Vietnam, now considered a modern day success story, has experienced incredible economic growth over the last 30 years, lifting millions of people out of poverty and food insecurity. However, this level of prosperity has not always included all members of society. Economic development has been slow to improve living situations across ethnic minority lines and for those who live in rural areas, where people face challenges in accessing nutritious foods.
Leland International Hunger Fellow Aubrey Bauck is working in Hanoi, Vietnam, for Helen Keller International, a nonprofit organization that promotes the development of sustainable, large-scale programs that deliver preventative and curative services for issues relating to nutrition, eye health, and neglected tropical diseases.
Street scene in Hanoi, a city of five million motorcycles. Image courtesy of Atsushi Yamaoka.
I moved to Hanoi six months ago, and my mom wanted to know everything: How is the office? What do you eat? Where are you living? What is life like there? And I tried to tell her, but describing life in a new country, describing new information of any sort, is hard. Take Hanoi traffic: it’s hard to describe how terrifying it is, because most people have never been in a city so dominated by mobs of motorcycles, where traffic is plentiful and fast, where pedestrians are never safe because motorcycles drive on the sidewalks and the wrong way down streets and through red lights when you are in the crosswalk. Or Vietnamese hospitality: it’s hard to describe how beautiful it is, because until a stranger has taken your hand and helped you cross a bustling intersection with no traffic lights because you are standing paralyzed at the crosswalk, or another stranger has given you food out of their lunch because you are sitting by them on a public bench, or a person you just met has driven you all over the city looking for a yoga mat, you cannot imagine how welcome you would feel in this small country that is not your own.
And it’s hard to describe the warmth of my office, the Vietnam branch of the NGO Helen Keller International (HKI), which has a mission “to save and improve the sight and lives of the world’s vulnerable,” but within the Vietnam country office seems equally committed to improving the lives of each team member by fostering an office environment that is warm and friendly and full of laughter. It’s hard to describe how I feel (as the only Westerner in my office) when my co-workers patiently teach me how to pluck juicy pieces of meat from a boiling pot at lunch, how to dip everything in fish sauce, how when we walk to lunch someone always links arms with me, how my country director invited me to go on vacation with her family over the important Lunar New Year holiday because she knows I am in this country alone.
An HKI team visits the home garden of one of the women participating in the enhanced homestead food production program in the chilly northern mountain provinces of Vietnam. Encouraging home gardening of a wide variety of vegetables is one of the ways this program seeks to increase maternal and child diet diversity. Image courtesy of Aubrey Bauck, 3rd from right.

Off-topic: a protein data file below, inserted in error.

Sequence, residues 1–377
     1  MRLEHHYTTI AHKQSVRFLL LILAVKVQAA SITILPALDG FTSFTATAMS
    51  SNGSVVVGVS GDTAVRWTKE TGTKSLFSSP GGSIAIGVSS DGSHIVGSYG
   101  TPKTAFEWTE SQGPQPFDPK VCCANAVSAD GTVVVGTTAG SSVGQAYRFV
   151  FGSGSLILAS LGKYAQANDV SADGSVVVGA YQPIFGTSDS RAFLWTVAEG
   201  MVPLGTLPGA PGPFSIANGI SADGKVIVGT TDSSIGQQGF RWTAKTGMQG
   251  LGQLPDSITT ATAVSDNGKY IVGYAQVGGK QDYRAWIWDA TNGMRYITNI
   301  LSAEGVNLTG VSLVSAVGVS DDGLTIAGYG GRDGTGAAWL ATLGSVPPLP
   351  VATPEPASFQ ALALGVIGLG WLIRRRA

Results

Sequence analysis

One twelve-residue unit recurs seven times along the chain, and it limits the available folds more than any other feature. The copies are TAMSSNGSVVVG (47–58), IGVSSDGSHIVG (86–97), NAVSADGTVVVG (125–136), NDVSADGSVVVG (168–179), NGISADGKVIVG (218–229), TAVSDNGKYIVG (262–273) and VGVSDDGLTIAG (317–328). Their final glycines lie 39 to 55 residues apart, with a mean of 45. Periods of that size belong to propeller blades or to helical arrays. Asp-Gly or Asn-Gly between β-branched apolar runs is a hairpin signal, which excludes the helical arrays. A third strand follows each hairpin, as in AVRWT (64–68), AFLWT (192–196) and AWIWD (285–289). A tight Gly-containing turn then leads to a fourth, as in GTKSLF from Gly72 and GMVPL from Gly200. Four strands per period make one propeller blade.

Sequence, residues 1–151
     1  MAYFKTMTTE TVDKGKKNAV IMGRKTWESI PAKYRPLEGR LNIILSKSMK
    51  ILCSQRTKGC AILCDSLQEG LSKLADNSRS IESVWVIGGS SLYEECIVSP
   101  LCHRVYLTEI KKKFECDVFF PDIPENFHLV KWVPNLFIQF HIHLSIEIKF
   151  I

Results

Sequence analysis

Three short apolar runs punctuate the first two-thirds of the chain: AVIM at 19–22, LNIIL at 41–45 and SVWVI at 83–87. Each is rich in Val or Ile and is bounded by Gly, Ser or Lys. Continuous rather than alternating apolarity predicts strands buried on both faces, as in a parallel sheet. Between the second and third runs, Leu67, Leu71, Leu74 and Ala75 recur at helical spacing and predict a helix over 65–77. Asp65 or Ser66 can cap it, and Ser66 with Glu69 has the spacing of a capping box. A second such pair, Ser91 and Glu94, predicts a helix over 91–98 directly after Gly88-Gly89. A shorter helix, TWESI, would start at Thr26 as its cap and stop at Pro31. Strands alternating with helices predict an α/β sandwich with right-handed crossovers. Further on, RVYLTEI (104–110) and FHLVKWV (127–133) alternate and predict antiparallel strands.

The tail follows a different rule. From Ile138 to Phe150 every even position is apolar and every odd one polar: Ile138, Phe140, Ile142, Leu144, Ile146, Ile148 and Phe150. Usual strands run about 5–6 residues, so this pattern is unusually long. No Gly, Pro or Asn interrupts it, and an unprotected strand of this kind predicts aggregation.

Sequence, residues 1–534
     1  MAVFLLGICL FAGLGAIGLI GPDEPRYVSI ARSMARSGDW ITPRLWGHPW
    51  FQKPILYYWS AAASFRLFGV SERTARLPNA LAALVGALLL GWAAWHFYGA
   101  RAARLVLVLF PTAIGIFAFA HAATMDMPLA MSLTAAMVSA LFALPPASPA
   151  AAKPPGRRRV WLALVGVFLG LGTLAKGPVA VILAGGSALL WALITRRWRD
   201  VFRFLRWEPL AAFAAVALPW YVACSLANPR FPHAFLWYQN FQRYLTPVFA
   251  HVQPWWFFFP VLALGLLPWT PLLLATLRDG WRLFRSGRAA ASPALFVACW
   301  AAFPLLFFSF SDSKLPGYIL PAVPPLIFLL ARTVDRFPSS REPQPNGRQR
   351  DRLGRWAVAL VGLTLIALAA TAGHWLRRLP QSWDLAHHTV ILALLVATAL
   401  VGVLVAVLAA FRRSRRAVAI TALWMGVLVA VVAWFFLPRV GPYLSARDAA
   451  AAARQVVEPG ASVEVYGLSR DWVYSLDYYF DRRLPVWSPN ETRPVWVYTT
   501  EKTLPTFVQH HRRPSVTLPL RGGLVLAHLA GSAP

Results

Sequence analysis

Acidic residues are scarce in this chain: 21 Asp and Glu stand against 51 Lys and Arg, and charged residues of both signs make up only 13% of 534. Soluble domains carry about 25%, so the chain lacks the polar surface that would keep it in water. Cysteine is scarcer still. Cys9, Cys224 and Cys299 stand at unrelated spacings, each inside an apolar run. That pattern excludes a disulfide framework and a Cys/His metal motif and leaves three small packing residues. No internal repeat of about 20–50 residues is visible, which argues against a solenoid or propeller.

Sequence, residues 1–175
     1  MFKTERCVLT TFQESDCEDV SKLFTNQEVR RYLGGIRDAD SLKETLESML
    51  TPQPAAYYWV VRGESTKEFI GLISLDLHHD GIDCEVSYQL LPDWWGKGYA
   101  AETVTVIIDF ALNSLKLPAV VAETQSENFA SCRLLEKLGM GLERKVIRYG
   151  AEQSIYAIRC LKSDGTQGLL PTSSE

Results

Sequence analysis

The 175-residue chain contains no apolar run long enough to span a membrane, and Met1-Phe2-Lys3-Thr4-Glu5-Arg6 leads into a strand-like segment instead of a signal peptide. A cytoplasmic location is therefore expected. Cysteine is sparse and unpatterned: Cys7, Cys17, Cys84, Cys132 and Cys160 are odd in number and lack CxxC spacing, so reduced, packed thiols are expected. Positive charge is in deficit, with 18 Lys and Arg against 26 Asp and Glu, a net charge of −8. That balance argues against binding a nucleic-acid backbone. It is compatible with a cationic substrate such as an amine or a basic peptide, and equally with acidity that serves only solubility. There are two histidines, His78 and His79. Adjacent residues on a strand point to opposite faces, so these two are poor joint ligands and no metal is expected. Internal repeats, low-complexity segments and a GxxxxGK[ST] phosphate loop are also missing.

And in a year where I’ve felt so included by my new Vietnamese teammates, perhaps it’s fitting that the topic of the research I am working on is “social inclusion.” If the research was all about how I have felt as a foreigner in this country, there would be little to work on. Unfortunately, however, we know from previous research that there are plenty of people in this country who do find themselves excluded in various ways, who find it hard to access nutritious foods for their families, or inputs that could make them more economically stable, or healthcare for their children. In Vietnam, these people tend to be ethnic minorities or from rural areas or poor (or all three), and my research this year is focused on identifying such factors so that HKI can use the information to make existing programming more inclusive.
To give just one example: there is lots of research showing that ethnic minorities have not benefited as much as the majority group from economic reforms which began about 30 years ago. Since the start of these reforms, poverty has declined substantially among the Kinh and Hoa ethnic majority, whereas ethnic minority groups now account for almost 50% of the country’s poverty even though they only make up 14% of the country’s total population. Most research on inequity, however, only differentiates between the Kinh/Hoa majority group and all other ethnic groups. My research is parsing out data on specific ethnic minority groups so that future program resources can be more targeted: are Hmong or Lao people more food insecure? Do Muong or Thai people have more diverse crops in their home gardens and is there a link to diet diversity? Which people groups have the sickest children, and is there any indication of why?
This research is exciting on a few levels. Personally, it is exciting because I am the first one who gets to see what the data is telling us about the state of some of Vietnam’s ethnic minority groups. Programmatically, it is exciting because this new information can be used to adjust interventions for increased effectiveness. If we know that Hmong people are more food insecure (which we now do because the analyses said so), then relevant resources can be concentrated among the Hmong instead of spread thinly among all program participants. My next steps are communicating the information we have to program stakeholders so that such adjustments can be made. Which brings me back to the difficulty of describing information—except unlike the descriptions of traffic and hospitality I tried to relay to my mother, describing these data have real-world implications for existing programming.WhiteSands Treatment Center